Mon, Dec 02, 2013 - Page 15 News List

Online sales soar in US buying frenzy

SMART MOVE?Online shoppers in the US may have been wise to avoid the stores with reports of fights and stampedes marring the Black Friday shopping season


Thanksgiving Day shoppers line up with discounted television sets at a Target store in Chicago, Illinois, on Thursday. About 140 million people were expected to shop in stores or online over the four-day weekend, according to the US National Retail Federation.

Photo: Reuters

Online US shopping for Black Friday deals soared to US$3 billion during a two-day period beginning on Thursday, with tablets and cell phones as top must-have items, estimates showed on Saturday.

Online purchases reached US$1.93 billion on Friday, the unofficial start of the retail sector’s holiday season. That marked a 39 percent increase over last year, according to software maker Adobe, which analyzed 400 million visits on about 2,000 American shopping Web sites.

Holiday shopping traditionally accounts for 20 percent to 40 percent of an individual retailer’s annual sales, according to the National Retail Federation.

Early online Black Friday sales, which began on Thursday, the US Thanksgiving holiday, reached US$1.06 billion, up 18 percent from last year, Adobe said.

Technology giant IBM also reported increased numbers in overall online sales as it looked at 800 merchant Web sites. IBM said Internet sales jumped 19.7 percent over last year on Thanksgiving Day and 19 percent on Black Friday, with orders averaging US$135.27, a 2.2 percent increase compared with last year.

Online shoppers may have been wise to avoid stores, with reports of fistfights, a stabbing and a shooting as people elbowed their way through crowded shopping floors to get their hands on heavily discounted items.

Purchases of smartphones, tablets and other mobile devices accounted for 24.2 percent of online sales, Adobe said.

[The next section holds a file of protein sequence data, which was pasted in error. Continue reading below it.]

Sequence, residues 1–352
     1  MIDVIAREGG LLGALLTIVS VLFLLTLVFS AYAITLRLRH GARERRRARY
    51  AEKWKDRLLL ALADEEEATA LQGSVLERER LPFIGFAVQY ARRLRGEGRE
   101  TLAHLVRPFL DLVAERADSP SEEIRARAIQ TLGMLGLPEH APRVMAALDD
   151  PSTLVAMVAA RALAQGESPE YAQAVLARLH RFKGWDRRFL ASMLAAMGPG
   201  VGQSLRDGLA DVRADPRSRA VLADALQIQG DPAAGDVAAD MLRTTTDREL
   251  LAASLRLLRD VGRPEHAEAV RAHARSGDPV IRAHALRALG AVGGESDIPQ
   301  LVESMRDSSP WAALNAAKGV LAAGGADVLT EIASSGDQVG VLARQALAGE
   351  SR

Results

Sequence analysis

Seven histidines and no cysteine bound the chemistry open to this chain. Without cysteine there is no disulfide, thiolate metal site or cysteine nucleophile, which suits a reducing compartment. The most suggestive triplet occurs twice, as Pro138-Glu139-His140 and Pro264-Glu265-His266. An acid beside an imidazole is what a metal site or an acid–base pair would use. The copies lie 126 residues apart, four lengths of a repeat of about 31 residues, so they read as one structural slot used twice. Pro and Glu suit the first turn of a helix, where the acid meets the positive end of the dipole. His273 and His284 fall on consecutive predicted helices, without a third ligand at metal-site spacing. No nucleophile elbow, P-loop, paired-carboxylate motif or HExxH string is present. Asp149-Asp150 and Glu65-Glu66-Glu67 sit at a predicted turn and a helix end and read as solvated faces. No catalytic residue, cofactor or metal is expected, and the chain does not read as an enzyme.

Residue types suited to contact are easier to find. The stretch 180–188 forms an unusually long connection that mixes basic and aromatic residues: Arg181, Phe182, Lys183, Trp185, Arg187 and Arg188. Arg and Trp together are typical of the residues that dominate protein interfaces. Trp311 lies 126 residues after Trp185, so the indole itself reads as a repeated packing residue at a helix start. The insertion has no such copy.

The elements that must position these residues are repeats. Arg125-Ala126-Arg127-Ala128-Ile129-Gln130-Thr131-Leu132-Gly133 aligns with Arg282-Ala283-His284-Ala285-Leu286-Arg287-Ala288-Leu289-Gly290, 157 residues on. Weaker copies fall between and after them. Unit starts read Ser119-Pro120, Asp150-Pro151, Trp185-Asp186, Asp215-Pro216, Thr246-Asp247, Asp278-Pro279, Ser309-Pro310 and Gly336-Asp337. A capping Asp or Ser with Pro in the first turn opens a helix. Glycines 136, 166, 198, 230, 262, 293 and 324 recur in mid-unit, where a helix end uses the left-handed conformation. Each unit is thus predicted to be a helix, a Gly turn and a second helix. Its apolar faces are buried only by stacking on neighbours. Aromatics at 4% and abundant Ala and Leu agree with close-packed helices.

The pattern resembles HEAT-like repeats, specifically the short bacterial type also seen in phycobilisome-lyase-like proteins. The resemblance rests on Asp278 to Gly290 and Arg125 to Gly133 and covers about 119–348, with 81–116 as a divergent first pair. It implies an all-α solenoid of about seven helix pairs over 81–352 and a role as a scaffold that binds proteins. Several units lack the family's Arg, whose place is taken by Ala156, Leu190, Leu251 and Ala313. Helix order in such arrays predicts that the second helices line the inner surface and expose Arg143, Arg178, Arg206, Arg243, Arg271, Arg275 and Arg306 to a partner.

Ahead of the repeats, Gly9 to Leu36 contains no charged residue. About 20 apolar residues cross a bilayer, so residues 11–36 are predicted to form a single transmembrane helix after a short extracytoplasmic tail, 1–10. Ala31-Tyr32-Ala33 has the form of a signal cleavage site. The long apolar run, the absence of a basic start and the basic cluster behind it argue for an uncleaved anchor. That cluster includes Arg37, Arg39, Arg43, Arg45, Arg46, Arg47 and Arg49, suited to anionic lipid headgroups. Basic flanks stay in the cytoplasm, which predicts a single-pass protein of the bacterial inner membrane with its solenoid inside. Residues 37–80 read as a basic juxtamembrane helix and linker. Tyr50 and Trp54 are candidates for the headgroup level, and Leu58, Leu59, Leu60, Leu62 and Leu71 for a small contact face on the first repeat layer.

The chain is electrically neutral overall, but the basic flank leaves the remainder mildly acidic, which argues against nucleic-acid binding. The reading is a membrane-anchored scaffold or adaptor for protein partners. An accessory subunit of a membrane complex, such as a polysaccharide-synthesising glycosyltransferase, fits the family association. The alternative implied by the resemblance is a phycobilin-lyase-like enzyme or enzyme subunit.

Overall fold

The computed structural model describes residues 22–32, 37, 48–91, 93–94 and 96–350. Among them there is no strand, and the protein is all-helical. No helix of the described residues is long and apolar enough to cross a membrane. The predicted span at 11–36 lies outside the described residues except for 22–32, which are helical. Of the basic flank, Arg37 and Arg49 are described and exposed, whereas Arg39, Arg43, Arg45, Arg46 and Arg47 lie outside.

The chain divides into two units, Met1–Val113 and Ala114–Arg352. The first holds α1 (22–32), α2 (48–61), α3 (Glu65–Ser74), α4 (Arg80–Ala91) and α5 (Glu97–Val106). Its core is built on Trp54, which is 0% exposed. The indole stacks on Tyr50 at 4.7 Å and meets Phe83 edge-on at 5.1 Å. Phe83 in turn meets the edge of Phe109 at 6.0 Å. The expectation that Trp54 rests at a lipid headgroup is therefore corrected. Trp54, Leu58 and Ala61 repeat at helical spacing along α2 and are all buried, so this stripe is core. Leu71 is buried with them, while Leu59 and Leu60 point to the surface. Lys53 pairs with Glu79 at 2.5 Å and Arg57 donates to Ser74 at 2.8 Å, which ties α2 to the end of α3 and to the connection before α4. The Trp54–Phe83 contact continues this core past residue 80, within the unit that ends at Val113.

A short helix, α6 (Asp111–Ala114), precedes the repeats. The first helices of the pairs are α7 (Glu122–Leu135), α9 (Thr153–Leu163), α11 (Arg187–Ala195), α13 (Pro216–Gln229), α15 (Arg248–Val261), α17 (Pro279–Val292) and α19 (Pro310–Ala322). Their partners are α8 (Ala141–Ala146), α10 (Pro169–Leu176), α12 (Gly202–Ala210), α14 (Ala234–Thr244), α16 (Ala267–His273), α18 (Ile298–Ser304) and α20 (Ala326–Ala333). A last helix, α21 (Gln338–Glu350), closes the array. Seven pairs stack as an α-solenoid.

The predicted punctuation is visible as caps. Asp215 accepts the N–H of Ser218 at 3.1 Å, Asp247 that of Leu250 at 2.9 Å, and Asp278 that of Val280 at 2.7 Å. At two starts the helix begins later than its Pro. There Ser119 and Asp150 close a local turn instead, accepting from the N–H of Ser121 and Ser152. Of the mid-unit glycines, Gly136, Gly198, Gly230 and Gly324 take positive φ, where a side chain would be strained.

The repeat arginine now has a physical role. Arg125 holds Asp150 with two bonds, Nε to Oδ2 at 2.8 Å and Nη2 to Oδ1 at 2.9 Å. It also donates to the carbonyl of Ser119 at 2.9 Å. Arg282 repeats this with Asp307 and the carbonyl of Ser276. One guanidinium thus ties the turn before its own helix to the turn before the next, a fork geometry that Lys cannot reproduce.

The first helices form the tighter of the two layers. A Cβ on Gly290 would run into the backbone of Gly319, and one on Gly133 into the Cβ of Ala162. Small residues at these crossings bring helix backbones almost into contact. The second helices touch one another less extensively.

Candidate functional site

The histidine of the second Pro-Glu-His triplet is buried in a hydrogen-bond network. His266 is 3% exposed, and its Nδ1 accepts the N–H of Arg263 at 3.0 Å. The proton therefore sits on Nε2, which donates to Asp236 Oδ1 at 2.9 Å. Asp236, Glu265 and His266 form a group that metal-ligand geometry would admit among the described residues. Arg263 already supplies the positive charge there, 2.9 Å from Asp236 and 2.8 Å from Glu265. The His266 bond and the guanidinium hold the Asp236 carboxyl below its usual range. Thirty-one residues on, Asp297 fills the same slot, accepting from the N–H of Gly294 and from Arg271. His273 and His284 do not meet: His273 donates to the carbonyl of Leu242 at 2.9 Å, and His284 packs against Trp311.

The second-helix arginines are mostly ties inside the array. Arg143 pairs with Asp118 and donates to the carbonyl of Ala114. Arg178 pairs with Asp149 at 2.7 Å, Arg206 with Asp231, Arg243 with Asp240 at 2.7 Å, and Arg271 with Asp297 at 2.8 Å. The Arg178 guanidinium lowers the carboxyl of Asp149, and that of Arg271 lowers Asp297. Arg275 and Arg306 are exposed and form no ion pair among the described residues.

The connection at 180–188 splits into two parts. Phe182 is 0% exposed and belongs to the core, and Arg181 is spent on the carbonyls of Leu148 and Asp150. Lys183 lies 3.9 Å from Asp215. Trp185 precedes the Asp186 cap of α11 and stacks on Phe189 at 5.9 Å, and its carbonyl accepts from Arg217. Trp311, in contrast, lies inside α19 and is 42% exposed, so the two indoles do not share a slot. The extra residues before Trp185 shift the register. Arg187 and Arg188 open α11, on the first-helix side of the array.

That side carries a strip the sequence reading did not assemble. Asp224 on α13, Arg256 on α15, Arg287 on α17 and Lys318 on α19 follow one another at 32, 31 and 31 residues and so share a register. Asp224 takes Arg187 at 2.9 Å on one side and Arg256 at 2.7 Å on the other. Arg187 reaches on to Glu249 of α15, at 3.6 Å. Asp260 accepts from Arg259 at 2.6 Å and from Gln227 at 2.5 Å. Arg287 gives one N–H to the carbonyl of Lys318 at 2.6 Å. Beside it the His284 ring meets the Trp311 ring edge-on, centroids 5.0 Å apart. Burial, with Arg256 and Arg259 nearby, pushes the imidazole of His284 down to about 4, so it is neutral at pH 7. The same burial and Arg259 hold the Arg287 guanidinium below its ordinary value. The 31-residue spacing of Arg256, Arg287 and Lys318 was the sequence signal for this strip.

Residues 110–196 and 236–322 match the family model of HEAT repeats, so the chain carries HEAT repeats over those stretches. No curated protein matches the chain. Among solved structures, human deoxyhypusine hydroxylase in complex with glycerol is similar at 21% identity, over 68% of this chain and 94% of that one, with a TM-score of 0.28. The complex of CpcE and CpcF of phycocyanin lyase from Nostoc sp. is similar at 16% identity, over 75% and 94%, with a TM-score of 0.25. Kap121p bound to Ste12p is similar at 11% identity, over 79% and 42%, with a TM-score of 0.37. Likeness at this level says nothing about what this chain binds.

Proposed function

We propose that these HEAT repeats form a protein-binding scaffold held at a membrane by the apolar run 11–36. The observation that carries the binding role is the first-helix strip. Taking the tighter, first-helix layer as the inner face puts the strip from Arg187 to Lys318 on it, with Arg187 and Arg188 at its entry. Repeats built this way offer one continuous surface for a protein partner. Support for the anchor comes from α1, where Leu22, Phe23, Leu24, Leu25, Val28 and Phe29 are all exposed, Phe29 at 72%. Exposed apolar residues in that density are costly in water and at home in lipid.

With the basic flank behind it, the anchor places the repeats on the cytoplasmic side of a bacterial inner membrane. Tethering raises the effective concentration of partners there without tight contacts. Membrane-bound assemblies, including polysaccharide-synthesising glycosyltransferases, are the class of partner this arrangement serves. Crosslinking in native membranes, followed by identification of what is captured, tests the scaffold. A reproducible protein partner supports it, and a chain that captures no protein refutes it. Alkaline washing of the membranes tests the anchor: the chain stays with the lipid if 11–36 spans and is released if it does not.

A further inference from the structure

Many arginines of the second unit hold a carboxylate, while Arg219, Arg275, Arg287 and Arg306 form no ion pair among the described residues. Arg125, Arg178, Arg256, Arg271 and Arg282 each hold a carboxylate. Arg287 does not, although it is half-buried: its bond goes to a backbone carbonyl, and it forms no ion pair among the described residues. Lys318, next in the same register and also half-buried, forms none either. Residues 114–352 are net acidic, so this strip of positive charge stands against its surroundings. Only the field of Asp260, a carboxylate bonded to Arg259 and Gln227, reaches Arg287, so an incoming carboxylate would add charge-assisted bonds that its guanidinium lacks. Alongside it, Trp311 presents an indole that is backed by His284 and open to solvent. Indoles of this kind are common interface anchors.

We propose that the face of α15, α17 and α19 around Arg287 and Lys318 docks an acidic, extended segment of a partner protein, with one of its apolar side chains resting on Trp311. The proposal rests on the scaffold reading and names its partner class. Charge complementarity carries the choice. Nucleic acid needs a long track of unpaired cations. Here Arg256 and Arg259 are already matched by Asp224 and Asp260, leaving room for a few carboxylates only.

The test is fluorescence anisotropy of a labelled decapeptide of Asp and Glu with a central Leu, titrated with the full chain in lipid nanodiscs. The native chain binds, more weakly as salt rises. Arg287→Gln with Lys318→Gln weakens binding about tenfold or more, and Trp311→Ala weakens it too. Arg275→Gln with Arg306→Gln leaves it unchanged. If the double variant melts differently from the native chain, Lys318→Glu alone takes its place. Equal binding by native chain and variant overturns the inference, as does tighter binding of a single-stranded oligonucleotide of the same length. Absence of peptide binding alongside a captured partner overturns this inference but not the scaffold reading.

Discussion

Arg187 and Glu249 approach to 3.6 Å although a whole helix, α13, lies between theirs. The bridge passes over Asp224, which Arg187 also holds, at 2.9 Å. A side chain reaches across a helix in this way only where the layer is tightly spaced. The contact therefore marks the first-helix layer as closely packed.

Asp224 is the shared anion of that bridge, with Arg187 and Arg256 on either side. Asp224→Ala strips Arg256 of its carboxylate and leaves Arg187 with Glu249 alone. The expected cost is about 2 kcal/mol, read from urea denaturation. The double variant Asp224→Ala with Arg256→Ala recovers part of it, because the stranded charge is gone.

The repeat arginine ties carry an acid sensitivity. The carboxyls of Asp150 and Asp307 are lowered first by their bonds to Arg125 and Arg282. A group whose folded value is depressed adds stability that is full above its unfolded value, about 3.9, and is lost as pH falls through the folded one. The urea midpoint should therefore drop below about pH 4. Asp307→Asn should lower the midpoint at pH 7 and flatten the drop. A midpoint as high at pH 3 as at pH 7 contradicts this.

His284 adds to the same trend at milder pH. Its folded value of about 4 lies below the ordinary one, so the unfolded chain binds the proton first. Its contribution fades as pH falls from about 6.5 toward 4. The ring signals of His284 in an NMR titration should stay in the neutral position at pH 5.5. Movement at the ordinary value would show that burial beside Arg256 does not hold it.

Tablets represented 15.6 percent of online sales while smartphones represented 8.6 percent.

IBM found that mobile devices accounted for 21.8 percent of sales.

Of the US$3 billion in total online sales over the two days, US$417 million in transactions was done on iPads and US$126 million was done on iPhones, while Android phones were used to buy US$106 million in purchases and Android tablets accounted for US$42 million, Adobe said.

IBM said tablets were used for 14.4 percent of online sales, against 7.2 percent on smartphones. On average, tablet users each spent US$132.75 and smartphone users spent US$115.63.

The company also found that iPad and iPhone users spent more, shelling out an average of US$127.92, compared to US$105.20 for users of Google’s Android system.

Adobe agreed that Apple users spent more than people using Android devices.

IBM also said purchases made from Apple devices accounted for 18.1 percent of total online sales, against 3.5 percent for Android devices.

IBM and Adobe did not examine in-store purchases.

According to initial estimates of in-store sales released on Saturday by retail research group Shoppertrak, Americans spent US$12.3 billion during shopping over the two-day period, a 2.3 percent increase from the same time frame last year.

Stores that opened their doors on Thursday — a new trend transforming the sacrosanct Thanksgiving holiday — attracted more people than last year, the firm said, adding that traffic in brick-and-mortar shops on Black Friday fell 11.4 percent, with retail sales decreasing by 13.2 percent.

“The Black Friday shopping experience is changing with more shoppers choosing to go out on Thanksgiving Day,” Shoppertrak founder Bill Martin said.

“Consumers increasingly research products online before entering stores. When they arrive, customers know exactly what they want to buy,” he said.

An estimate of total Thanksgiving weekend sales — including both online and in stores — was expected yesterday.

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